A healthy gut microbiome can prevent certain diseases and a recent study determines the effectiveness of administering a certain strain of gut bacteria in suppressing autoimmune diseases such as multiple sclerosis.
There is a clear increase in the prevalence of autoimmune diseases in the developed world. Some scientists attribute this change to our modern diet, which can influence our gut microbiome. The human gut harbors over a trillion microorganisms, which is known as the microbiome. The gut microbiome has many functions, ranging from preventing infections to metabolizing nutrients. Its makeup varies among individuals and can be influenced by external factors. Interestingly, changes to the gut microbiome can damage health, in part by contributing to various inflammatory diseases, such as multiple sclerosis (MS).
MS is believed to be caused by immune system cells that target certain parts of nerves, effectively impairing the nervous system. MS is more prevalent in developed nations and some studies have suggested that environmental factors, such as diet, play a prominent role in causing MS. One particular strain of normal gut bacteria, Prevotella histicola, which is more common in those who have an agrarian diet (filled with carbs and fibers), has recently been found to be able to prevent the development of a MS-like disease in an animal model. This novel study, published in Cell Reports, demonstrates the ability of P. histicola, as gut bacteria, to modulate the immune system and suppress the development of experimental autoimmune encephalomyelitis (EAE), which models MS, in mice.
A mouse model that has been previously shown to develop EAE with pathology in the central nervous system was used. Firstly, the authors tested multiple strains of bacteria as treatment, through oral administration, for any immunomodulatory effects. Notably, P. histicola was observed to increase the levels of anti-inflammatory molecules in mice without causing any pathology. Next, it was determined that P. histicola could decrease EAE incidence and severity when compared to other strains of bacteria or no treatment. Accordingly, later experiments in the study focused on P. Histicola exclusively. One further test to confirm the role of this strain of bacteria was performed by comparing the administration of P. histicola versus the culture supernatant of the bacteria (soluble factors derived from the bacteria). They noted that live bacteria had a much more significant effect on reducing the risk of EAE development.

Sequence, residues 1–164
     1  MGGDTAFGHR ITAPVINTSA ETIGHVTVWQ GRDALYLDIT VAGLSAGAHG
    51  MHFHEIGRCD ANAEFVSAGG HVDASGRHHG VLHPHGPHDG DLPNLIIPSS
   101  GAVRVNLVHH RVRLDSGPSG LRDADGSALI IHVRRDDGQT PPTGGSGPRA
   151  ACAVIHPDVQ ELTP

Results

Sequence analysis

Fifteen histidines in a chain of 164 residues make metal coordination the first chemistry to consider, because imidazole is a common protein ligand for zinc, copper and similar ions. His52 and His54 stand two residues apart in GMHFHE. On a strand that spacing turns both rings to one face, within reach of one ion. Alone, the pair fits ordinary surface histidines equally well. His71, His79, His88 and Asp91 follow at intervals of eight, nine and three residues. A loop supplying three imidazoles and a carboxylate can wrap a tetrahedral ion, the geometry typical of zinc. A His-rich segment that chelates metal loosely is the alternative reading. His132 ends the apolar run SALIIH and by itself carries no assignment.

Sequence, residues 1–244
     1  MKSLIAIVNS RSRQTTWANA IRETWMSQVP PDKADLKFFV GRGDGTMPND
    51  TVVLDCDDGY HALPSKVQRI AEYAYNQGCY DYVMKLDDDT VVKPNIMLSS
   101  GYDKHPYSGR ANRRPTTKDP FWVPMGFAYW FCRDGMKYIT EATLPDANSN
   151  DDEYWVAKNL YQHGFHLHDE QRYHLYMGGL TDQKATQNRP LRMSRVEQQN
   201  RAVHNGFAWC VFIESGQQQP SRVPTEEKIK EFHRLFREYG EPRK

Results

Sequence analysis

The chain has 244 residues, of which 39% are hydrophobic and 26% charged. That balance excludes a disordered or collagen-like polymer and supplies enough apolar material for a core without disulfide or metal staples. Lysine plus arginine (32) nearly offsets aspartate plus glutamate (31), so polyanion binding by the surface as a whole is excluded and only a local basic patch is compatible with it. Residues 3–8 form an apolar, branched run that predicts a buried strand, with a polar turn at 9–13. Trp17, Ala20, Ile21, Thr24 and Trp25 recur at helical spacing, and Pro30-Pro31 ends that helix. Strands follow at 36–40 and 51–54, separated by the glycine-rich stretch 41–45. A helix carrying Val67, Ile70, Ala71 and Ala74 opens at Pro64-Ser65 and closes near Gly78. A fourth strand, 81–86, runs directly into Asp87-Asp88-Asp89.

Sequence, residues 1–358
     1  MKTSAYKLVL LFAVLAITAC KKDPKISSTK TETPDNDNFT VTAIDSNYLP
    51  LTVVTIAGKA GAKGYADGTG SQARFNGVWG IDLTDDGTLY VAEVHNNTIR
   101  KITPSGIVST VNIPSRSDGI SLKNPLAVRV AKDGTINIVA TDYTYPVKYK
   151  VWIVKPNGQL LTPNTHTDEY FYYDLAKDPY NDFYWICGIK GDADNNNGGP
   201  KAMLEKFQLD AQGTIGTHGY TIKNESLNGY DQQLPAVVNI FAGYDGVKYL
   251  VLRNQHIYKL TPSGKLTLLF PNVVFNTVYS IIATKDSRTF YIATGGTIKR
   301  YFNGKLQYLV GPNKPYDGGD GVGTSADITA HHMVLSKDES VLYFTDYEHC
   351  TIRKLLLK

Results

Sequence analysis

One effect of P. histicola administration on the mice was the reduction of nerve damage and inflammation in the brain and spinal cord. Further experiments determined that after the treatment, immune cells from the mice reacted less with its own tissues, suggesting that the immune cells would be less likely to cause autoimmune disease. Correspondingly, they observed that less immune cells infiltrated in the brains of mice treated with P. histicola when compared to other strains of bacteria. Additionally, analysis of the different immune cell compositions in various immune organs in the P. histicola-treated mice showed a higher frequency of regulatory immune cells, which are known to dampen immune responses. Finally, the authors showed that the protective effects of P. histicola could be transferred, by transferring immune cells from P. histicola-treated mice to mice that were not treated. The mice that received the transferred immune cells were better able to suppress the effects of EAE.
This paper shows that altering the microbiome can suppress the development of EAE in a mouse model and elucidates the mechanisms behind the immunomodulatory effects of P. histicola on EAE development. There are therapies available for MS, but none can completely cure the disease and they are often difficult for patients to endure. The findings of this study suggest that a novel microbiome-targeted therapy that increases P. histicola levels may be effective in alleviating symptoms in MS patients. This study serves as a foundation for future clinical trials in order to find more safe and effective treatments for MS patients through a healthy gut microbiome.
Written by Branson Chen, BHSc
Mangalam A, Shahi SK, Luckey D, Karau M, Marietta E, Luo N, Ju J, Sompallae R, Gibson-Corley K, Patel R, Rodriguez M. Human Gut-Derived Commensal Bacteria Suppress CNS Inflammatory and Demyelinating Disease. Cell Reports. 2017 Aug 8;20(6):1269-77.